Dearest Richard, you do say the darndest things sometimes.
Do you mean because it’s such a cliche to say that?
Not that. Just that, the things I personally most fear have nothing to do with what I most want. What I fear are the kind of things that happen in Room 101.
‘Room 101,’ said the officer.
The man’s face, already very pale, turned a colour Winston would not have believed possible. It was definitely, unmistakably, a shade of green.
‘Do anything to me!’ he yelled. ‘You’ve been starving me for weeks. Finish it off and let me die. Shoot me. Hang me. Sentence me to twenty-five years. Is there somebody else you want me to give away? Just say who it is and I’ll tell you anything you want. I don’t care who it is or what you do to them. I’ve got a wife and three children. The biggest of them isn’t six years old. You can take the whole lot of them and cut their throats in front of my eyes, and I’ll stand by and watch it. But not Room 101!’
‘Room 101,’ said the officer.
– 1984 by George Orwell
I’ve had close relatives (now dead) involved in death squads where torture was routine. Having what I most want just doesn’t register on my list of greatest fears.
That does indeed sound horrible, but surely being tortured is not what you most often find yourself scared of during the course of your life
Sure. One’s greatest fear isn’t (consciously) active 24/7/365.
I do think that our desires and fears are inherently linked.
If we were simply afraid of something and had recourse to avoid it, then we just would. If there was a difficult person in our lives that we were afraid of, we would simply avoid them and thus avoid the fear altogether. Unless there was some other desire-based reason that we hung around the situation.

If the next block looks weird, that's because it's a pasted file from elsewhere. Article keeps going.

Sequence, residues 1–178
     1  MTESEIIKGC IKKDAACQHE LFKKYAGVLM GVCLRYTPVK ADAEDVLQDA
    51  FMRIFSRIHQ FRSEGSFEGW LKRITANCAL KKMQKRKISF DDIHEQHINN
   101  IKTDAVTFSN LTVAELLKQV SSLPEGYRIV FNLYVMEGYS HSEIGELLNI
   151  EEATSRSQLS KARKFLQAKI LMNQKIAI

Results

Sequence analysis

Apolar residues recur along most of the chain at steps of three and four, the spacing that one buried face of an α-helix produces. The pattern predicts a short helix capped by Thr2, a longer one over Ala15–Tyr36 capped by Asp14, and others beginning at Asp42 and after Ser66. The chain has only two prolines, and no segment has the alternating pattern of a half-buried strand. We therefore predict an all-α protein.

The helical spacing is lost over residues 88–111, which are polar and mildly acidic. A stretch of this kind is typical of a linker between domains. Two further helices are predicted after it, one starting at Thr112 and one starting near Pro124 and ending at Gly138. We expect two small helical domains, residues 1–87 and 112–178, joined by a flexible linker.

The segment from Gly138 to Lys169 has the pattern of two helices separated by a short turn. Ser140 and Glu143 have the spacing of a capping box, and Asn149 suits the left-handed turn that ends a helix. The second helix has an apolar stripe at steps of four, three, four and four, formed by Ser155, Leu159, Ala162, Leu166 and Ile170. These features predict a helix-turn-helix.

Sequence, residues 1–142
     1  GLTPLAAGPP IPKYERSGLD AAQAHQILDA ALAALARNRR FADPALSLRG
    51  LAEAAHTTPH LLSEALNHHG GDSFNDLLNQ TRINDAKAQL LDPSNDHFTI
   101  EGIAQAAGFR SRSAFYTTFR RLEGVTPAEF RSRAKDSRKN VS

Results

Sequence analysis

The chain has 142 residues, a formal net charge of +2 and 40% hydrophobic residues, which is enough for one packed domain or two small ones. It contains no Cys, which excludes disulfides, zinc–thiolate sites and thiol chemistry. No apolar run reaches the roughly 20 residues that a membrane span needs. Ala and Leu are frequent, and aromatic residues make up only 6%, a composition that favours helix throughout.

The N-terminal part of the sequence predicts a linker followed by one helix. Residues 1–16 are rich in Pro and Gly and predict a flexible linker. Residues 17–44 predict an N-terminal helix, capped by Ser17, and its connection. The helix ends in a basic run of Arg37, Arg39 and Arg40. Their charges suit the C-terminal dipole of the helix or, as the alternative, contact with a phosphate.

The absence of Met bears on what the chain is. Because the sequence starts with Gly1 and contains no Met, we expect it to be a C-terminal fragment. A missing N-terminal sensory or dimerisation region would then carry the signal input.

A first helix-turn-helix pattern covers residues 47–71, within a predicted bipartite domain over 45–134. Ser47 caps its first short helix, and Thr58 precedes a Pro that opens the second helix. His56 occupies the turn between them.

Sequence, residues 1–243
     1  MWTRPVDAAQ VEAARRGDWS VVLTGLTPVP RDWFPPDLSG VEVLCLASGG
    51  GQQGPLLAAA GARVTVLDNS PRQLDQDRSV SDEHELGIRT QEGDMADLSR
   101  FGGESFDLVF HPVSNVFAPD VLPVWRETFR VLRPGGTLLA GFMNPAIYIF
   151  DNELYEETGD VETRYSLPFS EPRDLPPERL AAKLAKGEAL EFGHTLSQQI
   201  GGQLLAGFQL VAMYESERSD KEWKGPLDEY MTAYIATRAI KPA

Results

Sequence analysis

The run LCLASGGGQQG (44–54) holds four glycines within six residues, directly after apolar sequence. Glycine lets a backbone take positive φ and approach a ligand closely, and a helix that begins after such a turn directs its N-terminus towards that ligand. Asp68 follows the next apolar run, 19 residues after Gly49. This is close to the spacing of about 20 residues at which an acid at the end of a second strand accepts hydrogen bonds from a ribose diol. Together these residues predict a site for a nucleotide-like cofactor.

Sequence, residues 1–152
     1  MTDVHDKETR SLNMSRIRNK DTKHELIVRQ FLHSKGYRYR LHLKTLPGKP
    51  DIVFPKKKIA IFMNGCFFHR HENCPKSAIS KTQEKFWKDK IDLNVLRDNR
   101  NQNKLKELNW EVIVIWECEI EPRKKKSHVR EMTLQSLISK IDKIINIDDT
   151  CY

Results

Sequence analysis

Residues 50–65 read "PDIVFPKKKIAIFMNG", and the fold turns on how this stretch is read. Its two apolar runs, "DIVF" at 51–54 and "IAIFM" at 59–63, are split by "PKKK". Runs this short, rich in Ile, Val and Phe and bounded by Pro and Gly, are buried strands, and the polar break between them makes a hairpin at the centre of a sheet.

This link is most-often unconscious, but I’ve found that when I trace back my fears I find this type of link. I don’t want to ‘lose’ something, and thus remain in the situation in close proximity to my fear.
So for example, in the context of 1984, one might be afraid of being tortured, but also attracted to ‘standing up for justice’ and thus maintain the possibility and likelihood of the fear occurring.
In my own life, I’m attracted to pretty girls and also frightened of being rejected by them. The fear only makes sense in the context of the desire.
You are attracted to pretty girls. You want intimacy with pretty girls. You fear rejection. In other words, you fear being denied intimacy.
Were Richard’s words to tally with your experience, your greatest fears would be equivalent to your greatest wants.
So, because what you most fear is being rejected by pretty girls, then what you most want must also be rejection.
But obviously, you don’t want that.
People are constantly wavering between intimacy and rejecting (energetically), with rejecting generally getting the upper hand.
By being intimate (myself) with anyone, I’m putting myself square in the crosshairs of rejection. Any other possibility is unlikely enough to be called a fantasy.
My fantasy and the actuality of rejection are inseparable. As long as I’m chasing that fantasy, I’m creating the context for the fear to occur - in ever-greater closeness.
It’s the people we are the closest to that can hurt us the deepest.